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New sexual crimes law allows broader reach for restraining orders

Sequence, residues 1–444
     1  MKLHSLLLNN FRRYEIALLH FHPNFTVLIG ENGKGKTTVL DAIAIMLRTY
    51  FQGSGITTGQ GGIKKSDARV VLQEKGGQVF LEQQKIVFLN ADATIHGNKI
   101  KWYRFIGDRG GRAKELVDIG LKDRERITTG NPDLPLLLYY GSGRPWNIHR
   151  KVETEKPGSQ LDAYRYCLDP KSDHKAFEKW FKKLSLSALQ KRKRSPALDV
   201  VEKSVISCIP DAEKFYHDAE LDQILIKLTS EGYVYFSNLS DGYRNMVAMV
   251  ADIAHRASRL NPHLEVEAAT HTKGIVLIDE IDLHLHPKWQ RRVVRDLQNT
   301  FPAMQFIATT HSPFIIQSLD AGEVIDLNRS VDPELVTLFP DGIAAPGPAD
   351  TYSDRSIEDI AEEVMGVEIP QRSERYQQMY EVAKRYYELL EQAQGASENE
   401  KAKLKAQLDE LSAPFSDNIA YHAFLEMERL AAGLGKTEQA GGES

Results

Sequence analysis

A new law that is slated to go into effect in 2015 could have significant implications for Pennsylvania residents and those convicted of sex crimes. The legislation is designed to protect victims of sexual assault by providing court-ordered protection from the alleged abuser. Interestingly, even those victims who have never reported the alleged crimes could receive this benefit under a protection-from-abuse order, which would prevent attackers from contacting their victims. In the past, Pennsylvania residents were limited in the type of restraining orders they could receive against alleged sex crimes offenders. In most cases, a restraining order could only be used if the victim had an existing relationship with the attacker. In some cases, the person was dating the alleged victim, for instance. Now, though, alleged offenders could face serious criminal consequences if they attempt to contact their victims, even if the case never went to court. The law is modeled after New Jersey’s Nicole’s Law, which allows victims to seek restraining orders against alleged suspects who have been charged or convicted. In New Jersey, the restraining order remains in effect until terminated by an order of the court and the defendant is informed about the nature of the order. Further, officers are notified about the defendant’s alleged criminal past, even if a sex crimes conviction was never obtained. The Pennsylvania law contains similar provisions. Pennsylvania attorneys may be able to help those who are unfairly targeted by these sex crimes restraining orders, which could have an effect on employment and other personal matters. This legislation could have significant implications for those who have only been accused of sex crimes, even if they were never prosecuted. These defendants could be entirely innocent. Now, their names could be included in courtroom records because of the restraining order process. Victims can start filing for these special protection orders in September, which is just months away. Source:  Lehigh Valley Live, “Sexual assault victims in Pennsylvania to get special no-contact protection under new law” 6 April 2014

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